In this lesson, we'll review the difference between internal customers, external customers and stakeholders. We'll use the interest-influence matrix to identify stakeholder types.
Stakeholder vs Customer
Customers: people who receive our product, service or information
Customers may be external or internal to our company.
External customers, or simply "the customers", are typically your paying customers. They purchase a good, product or service from your company.
You may have additional external customers, like regulatory agencies or external auditors, who have some control over your companies' operations or who may receive information from your company.
Internal customers are people who work within your company, your co-workers. They may be within your workgroup or in another department. They rely on you for information in they need to complete their work or task.
Stakeholder: a person or group of people in a position to influence your project or who may be impacted by your project.
A customer is also a stakeholder. The customer receives a good, product or service, influences your project AND is impacted by your process improvements.
To help us understand our stakeholders, we use the interest-influence matrix. This helps us gauge each stakeholders level of interest, either positive or negative. It also helps us understand their level of influence. The first step is identifying our stakeholders.
We’re going to review each of the 6 types of stakeholders.
On the matrix, you'll see that we have stakeholders who are highly interested or supportive of our effort, but we also have stakeholders who are disinterested or may be unsupportive.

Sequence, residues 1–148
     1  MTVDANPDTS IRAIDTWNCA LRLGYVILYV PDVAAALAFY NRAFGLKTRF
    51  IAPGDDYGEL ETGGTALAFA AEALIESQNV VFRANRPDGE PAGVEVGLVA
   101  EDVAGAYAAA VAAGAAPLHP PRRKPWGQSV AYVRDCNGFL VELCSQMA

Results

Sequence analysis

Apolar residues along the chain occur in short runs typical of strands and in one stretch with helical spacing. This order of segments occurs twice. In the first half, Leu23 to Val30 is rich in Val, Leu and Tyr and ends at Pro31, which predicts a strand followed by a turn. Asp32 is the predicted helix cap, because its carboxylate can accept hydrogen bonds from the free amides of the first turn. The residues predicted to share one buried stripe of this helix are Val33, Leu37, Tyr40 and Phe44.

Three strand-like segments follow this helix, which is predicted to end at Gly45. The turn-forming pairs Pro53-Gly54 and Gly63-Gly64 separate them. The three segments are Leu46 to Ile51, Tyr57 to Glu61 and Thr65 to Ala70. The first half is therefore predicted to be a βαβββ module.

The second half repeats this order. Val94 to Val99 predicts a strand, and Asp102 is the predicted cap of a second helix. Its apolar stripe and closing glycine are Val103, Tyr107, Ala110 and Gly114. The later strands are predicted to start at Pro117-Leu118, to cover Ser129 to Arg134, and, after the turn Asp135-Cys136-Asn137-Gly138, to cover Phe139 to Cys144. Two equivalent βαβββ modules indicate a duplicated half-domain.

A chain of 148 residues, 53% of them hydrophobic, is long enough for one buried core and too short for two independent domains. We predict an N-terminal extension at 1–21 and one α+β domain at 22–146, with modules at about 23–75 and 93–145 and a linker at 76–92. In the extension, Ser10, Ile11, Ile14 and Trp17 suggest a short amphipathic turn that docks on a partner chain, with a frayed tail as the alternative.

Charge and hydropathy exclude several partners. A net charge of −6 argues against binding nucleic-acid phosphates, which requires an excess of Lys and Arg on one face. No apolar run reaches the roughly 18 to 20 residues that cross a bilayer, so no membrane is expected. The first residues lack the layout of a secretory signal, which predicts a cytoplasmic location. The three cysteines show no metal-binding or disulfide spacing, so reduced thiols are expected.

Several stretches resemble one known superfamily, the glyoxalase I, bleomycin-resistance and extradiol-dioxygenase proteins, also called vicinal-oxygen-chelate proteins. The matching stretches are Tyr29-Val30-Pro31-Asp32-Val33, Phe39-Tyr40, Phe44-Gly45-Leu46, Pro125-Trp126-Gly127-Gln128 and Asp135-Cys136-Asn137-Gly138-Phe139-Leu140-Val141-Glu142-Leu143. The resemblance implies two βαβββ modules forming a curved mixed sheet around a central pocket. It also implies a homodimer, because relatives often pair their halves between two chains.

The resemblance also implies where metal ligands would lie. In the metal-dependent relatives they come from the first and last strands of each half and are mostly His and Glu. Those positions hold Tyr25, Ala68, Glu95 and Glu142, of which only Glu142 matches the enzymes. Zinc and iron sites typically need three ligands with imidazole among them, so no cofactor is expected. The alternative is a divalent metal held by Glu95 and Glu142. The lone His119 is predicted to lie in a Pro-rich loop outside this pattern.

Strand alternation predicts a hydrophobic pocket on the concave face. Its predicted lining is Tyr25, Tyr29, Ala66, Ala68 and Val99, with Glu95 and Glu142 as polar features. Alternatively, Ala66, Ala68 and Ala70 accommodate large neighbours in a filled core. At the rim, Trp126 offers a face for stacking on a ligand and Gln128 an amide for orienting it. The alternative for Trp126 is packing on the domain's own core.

Low or Neutral Interest: Observers & Influencers
- Observers are typically not directly impacted by project.
- Influencers are generally seen as influential or trusted in the organization but may not be directly impacted by this project.
High Positive Interest: Supporters & Champions
- Supporters have minimal influence on your project.
- Champions have a high level of influence and often make excellent sponsors and change agents.
High Disinterest: Troublemakers & Disrupters
- Troublemakers have minimal influence and just make a lot of noise. They create a distraction.
- Disrupters are influential and present a big risk to your project’s success.
While your stakeholders may be supportive or unsupportive now, we have an opportunity to influence these stakeholders ourselves.
We want to keep the interested stakeholders engaged. We want to leverage those who are influential to support our cause.
Gather your project team. Using the template, list all of your stakeholders. You may list individuals (Supervisor of Accounting, Business Analyst) or groups of individuals (Contracts Department, Billing Team). Identify each stakeholders' current Stakeholder Type.
Download the Stakeholder Engagement & Communication Template to list your stakeholders and their stakeholder type.